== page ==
* Herbert Xu <E1DYWM2-0004jM-00@xxxxxxxxxxxxxxxxxxxxxxxx> 2005-05-19 07:45
> Rick Jones <rick.jones2@xxxxxx> wrote:
> > If we ass-u-me that the sender is indeed using a random IP ID assignment
> > mechanism, 30000 is probably too many. There are only 65536 possible ID's,
> > and
> > if we "choose" 30000 of them there will undoubtedly be many duplicated.
> > Someone
> > who didn't fall asleep too often in ProbStats (unlike myself) can probably
> > tell
> > us just how many.
> IMHO hosts using purely random IDs all the time are fundamentally broken
> for applications such as NFS over UDP over gigabit. However, in order
> to handle such hosts we should make this threshold configurable and
> then those who need it can set it to a value like 600 which gives a
> collision probability with the first fragment of just less than 1%.
I agree, however defining a value of 600 system wide is horrible for
all hosts that behave "correctly". So what we could do is take probes
of the id distribution and define the threshold on a per peer scope.
Example: Once in a while we start a probe and set a bit in a bitmap
for every id that matches a defined window. Not sure about the size of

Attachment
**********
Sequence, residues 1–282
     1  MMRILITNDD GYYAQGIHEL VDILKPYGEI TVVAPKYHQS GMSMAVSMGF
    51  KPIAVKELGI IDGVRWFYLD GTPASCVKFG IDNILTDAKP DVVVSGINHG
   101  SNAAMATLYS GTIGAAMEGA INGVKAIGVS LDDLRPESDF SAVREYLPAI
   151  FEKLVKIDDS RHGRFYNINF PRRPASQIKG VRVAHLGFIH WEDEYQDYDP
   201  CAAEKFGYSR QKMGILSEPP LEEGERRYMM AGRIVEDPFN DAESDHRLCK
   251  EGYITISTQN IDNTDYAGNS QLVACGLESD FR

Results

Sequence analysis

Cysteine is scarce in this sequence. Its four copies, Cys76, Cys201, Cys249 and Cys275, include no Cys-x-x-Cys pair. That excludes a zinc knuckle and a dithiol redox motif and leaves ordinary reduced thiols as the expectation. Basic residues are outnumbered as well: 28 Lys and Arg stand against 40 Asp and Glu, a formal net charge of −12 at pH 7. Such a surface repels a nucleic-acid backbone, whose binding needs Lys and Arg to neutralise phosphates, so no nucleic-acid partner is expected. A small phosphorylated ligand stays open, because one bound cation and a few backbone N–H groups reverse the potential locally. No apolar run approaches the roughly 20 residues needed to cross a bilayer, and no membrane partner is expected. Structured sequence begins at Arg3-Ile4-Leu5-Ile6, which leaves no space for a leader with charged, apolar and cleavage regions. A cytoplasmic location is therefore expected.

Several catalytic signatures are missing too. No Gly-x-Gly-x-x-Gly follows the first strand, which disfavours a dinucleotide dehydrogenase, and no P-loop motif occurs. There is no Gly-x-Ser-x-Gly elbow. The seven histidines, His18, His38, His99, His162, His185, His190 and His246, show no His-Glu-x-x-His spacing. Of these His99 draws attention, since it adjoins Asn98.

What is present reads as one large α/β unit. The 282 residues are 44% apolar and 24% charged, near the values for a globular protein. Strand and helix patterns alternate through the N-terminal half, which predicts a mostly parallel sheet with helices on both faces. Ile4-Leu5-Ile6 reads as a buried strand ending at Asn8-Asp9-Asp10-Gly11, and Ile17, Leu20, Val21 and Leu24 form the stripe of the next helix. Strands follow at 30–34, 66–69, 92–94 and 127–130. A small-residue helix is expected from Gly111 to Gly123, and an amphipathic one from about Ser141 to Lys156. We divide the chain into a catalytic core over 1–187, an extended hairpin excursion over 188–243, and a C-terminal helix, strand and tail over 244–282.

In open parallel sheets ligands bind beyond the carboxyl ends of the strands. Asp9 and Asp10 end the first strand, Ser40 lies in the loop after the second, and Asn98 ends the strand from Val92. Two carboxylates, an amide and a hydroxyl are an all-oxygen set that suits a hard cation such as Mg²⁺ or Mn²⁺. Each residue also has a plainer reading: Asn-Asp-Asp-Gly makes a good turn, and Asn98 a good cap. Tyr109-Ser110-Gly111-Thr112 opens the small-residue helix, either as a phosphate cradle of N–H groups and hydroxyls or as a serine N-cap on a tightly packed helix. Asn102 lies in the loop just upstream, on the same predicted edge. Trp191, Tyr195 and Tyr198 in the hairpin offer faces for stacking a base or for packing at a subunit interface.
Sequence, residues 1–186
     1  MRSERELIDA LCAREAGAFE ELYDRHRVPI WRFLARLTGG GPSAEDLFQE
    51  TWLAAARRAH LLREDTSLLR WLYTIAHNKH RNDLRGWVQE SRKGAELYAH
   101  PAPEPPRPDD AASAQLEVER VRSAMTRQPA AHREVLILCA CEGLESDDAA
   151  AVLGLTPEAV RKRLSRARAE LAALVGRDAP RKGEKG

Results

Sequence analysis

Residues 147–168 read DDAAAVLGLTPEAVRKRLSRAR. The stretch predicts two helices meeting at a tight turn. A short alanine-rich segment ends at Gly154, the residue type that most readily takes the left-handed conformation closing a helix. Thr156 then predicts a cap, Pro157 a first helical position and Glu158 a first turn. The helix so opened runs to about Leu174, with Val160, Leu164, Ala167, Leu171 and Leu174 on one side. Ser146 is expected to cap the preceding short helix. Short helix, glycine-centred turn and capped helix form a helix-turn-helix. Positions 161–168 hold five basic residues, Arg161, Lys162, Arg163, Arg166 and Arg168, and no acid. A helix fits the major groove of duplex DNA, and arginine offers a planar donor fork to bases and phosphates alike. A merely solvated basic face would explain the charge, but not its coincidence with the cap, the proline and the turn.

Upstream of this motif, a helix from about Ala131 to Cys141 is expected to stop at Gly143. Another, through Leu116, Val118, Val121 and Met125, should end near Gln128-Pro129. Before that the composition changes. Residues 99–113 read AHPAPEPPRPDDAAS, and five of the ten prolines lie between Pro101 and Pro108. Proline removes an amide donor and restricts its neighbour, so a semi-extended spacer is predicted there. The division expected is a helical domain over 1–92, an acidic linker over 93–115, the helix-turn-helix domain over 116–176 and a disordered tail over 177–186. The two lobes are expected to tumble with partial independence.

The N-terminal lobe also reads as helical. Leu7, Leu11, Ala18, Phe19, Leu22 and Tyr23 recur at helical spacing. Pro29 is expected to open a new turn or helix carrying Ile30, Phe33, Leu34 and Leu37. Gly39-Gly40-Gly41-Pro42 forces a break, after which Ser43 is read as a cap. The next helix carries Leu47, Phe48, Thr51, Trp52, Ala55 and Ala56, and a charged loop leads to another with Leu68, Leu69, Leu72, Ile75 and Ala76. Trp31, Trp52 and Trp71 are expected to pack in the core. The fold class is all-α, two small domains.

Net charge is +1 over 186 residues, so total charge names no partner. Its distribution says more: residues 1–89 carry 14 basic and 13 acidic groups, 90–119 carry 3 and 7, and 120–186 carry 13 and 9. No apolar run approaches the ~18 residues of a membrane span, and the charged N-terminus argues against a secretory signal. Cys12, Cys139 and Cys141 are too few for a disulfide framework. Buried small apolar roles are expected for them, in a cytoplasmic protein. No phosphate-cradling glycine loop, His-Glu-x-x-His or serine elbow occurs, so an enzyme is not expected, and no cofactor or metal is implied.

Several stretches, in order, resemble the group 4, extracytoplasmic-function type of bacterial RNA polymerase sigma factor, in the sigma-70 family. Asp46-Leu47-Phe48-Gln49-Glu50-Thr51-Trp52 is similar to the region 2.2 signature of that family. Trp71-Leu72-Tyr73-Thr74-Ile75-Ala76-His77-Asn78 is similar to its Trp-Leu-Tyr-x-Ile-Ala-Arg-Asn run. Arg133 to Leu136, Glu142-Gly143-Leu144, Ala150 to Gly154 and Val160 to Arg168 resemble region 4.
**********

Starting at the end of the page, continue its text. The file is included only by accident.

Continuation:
that bitmap yet but 2048 bits might be a good start. The first fragment
id received during the probe defines the lower bound of the window and
the probe lasts until we received 2048 fragment ids. Once the probe
is finished we calculate the ratio between set and unset bits and
calculate the threshold. Additionaly we can define a threshold of bits
set to figure out if the peer is likely to use a counter for id
generation, if so we can set a flag which switches from counting
fragment ids to calculating the delta between the fragment id subject
to expiration and the current last fragment id. So basically we
would have two different modes, the "difficult peer"-mode for peers
using random ids or if we only see a very small portion of the effective
id space and a "counters"-mode for all peers using counters.
The "counters"-mode can offer a nearly perfect solution to detect
wraps without suffering from side effects such as droping perfectly
This idea relies on the fact that the result of the probe stays
true for some time which might not be true but is probably fair